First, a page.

Special cases:

    • The Lions retired #93 for the 2009 season after Corey Smith disappeared, presumed dead, when a boat he was fishing in with friends capsized off the Florida coast.[4] The Lions also wore 93 stickers on their helmets that season. Number 93 was assigned to Kyle Vanden Bosch in 2010.

    Pro Football Hall of Famers


    Current staff

    Detroit Lions staff
    Front Office
    Head Coaches
    Offensive Coaches
    Defensive Coaches
    Special Teams Coaches
    Strength and Conditioning

    Coaching Staff
    More NFL staffs

    <tr><td style="text-align:center;border:2px solid #C5C7CF;" colspan="7">
    AFC East
    NFC East

    Divisions and division rivals

    The Lions have been a part of multiple divisions and have had several division rivals in their existence. Their oldest rivals are the Chicago Bears and the Green Bay Packers, whom they have been paired with in a division since 1933. The Minnesota Vikings have been in a division with Detroit ever since their inaugural season in 1961. Other notable longtime division opponents were the Cleveland/Los Angeles Rams (29 seasons from 1937–1966, except for 1943), the Tampa Bay Buccaneers (25 seasons from 1977–2001), the San Francisco 49ers (17 seasons from 1950–1966), the Chicago Cardinals (16 seasons from 1933–1949, except for 1944), and the Baltimore Colts (14 seasons from 1953–1966).

    The Lions also have a preseason rivalry with the Cleveland Browns, dubbed the Great Lakes Classic.[5] The two teams have been playing for The Barge Trophy since 2002.[6] The Lions and Browns had a solid rivalry in the 1950s, when they met four times for the NFL championship (Detroit won three of the matchups).

    NFL Western Division: 1933–1949

    NFL National Conference: 1950–1952

    NFL Western Conference: 1953–1966

    • Baltimore Colts (1953–1966)
    • Chicago Bears (1953–1966)
    • Detroit Lions (1953–1966)
    • Green Bay Packers (1953–1966)
    • Los Angeles Rams (1953–1966)
    • San Francisco 49ers (1953–1966)
    • Dallas Cowboys (1960)
    • Minnesota Vikings (1961–1966)

    NFL Central Division: 1967–1969

    • Chicago Bears (1967–1969)
    • Detroit Lions (1967–1969)
    • Green Bay Packers (1967–1969)
    • Minnesota Vikings (1967–1969)

    NFC Central: 1970–2001

    • Chicago Bears (1970–2001)
    • Detroit Lions (1970–2001)
    • Green Bay Packers (1970–2001)
    • Minnesota Vikings (1970–2001)
    • Tampa Bay Buccaneers (1977–2001)

    NFC North: 2002–present

    • Chicago Bears (2002–present)
    • Detroit Lions (2002–present)
    • Green Bay Packers (2002–present)
    • Minnesota Vikings (2002–present)

    Radio and television


    The Lions' flagship radio stations are WXYT-FM, 97.1 FM, and WXYT-AM, 1270 AM. Dan Miller does play-by-play, Jim Brandstatter does color commentary, and Tony Ortiz provides sideline reports.[7] If a conflict with Detroit Tigers or Detroit Red Wings coverage arises, only WXYT-FM serves as the Lions' flagship. The Lions and WXYT AM/FM renewed their partnership for three more seasons on October 9, 2009.[8]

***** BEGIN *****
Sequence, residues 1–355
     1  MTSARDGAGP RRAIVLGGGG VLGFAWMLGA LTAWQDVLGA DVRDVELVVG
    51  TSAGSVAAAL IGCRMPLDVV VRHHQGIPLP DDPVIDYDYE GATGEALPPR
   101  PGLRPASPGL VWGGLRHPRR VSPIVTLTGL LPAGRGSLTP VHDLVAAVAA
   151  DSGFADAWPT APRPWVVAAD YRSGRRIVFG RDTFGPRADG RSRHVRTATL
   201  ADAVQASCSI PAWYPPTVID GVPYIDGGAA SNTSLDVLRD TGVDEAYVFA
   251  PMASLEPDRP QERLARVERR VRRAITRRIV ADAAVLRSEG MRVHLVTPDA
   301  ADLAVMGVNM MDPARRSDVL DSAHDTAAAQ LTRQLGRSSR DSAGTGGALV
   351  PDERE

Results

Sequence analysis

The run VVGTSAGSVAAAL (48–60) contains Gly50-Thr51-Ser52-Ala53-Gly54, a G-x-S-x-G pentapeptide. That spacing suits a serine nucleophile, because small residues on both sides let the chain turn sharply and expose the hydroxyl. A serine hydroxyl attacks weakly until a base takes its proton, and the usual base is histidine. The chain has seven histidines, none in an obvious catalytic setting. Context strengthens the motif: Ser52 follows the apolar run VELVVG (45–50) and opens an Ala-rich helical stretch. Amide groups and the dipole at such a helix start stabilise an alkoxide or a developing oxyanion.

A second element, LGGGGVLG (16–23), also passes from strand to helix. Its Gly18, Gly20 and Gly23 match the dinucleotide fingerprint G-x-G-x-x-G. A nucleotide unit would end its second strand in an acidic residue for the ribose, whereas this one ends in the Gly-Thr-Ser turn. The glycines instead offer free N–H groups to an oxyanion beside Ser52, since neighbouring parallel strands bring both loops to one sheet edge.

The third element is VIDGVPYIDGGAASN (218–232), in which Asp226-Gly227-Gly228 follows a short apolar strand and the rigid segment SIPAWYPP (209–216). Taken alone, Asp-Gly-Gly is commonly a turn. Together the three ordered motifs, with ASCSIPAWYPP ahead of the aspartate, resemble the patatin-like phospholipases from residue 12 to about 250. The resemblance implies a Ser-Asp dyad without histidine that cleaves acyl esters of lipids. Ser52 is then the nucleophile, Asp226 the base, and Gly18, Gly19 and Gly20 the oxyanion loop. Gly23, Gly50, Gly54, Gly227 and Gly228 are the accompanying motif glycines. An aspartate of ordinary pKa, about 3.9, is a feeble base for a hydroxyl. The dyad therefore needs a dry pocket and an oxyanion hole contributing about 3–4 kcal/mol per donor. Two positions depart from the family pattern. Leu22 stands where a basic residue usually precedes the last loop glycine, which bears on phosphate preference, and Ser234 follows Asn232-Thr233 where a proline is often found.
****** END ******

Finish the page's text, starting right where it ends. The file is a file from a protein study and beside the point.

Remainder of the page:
WXYZ-TV is the flagship station Lions preseason games.[9] The announcers are Matt Shepard with play-by-play, Rob Rubick with color commentary, and Tom Leyden with sideline reports.

    Regular season

    Regular season games are broadcast regionally on Fox, except when the Lions play an AFC team in Detroit, in which case the game airs regionally on CBS. The Thanksgiving Day game in Detroit is always televised nationally on either Fox or CBS, depending upon which conference the visiting team plays in. The Detroit Lions were the last NFC team to play on NBC, since they got football back in 2006 (the Lions at Saints game on December 4, 2011 marked their 1st appearance). The Lions' official regular season pregame show is The Ford Lions Report.


    The Lions' winless performance in 2008 and 2–14 season in 2009, coupled with the effects of the Great Recession in Michigan, led to several local broadcast blackouts, as local fans did not purchase enough tickets by the 72-hour blackout deadline. In 2008, five of the Lions' final six home games of the season did not sell out, with the Thanksgiving game being the exception. The first blackout in the seven-year history of Ford Field was on October 26, 2008, against the Washington Redskins. The previous 50 regular season home games had been sellouts. The second home game of the 2009 season in which the Lions broke the losing streak (also against the Washington Redskins) was blacked out locally, as well as the comeback victory over the Cleveland Browns. The Lions had only one blackout in 2010, the Washington Redskins game, which the Lions won 37–25.[10]

    Games were also often blacked out at the Lions' previous home, the (perhaps over-sized) 80,000-seat Pontiac Silverdome, despite winning seasons and the success and popularity of star players such as Barry Sanders.

    See also

    Notes and references

    1. ^ "Detroit Lions Team Facts". Pro Football Hall of Fame. December 29, 2014. Retrieved December 29, 2014. 
    2. ^ Lions black uniforms have been officially retired, February 9, 2009
    3. ^ ESPN NFL Attendance Report
    4. ^ Associated Press (March 21, 2009). "Lions to retire Smith's No. 93 in '09". ESPN. Retrieved 2009-03-21. 
    5. ^ Baskin, Andy (August 18, 2011). "Baskin: Browns-Lions battle for 'Barge' trophy". WEWS-TV. Retrieved 2013-08-10. 
    6. ^ Schudel, Jeff (November 22, 2009). "Great Lakes Classic has lacked luster since its beginning". The Morning Journal. Retrieved 2009-03-21. 
    7. ^ Detroit Lions Official Site: Detroit Lions Radio Network Affiliates
    8. ^ Lions staying with WXYT as flagship station Detroit News October 9, 2009[dead link]
    9. ^ WXYZ: "Detroit Lions and WXYZ partner for 2011 season", February 8, 2011.
    10. ^ Kowalski, Tom (October 28, 2010). "Detroit Lions' game on Sunday will be blacked out locally". Retrieved October 29, 2010. 

    External links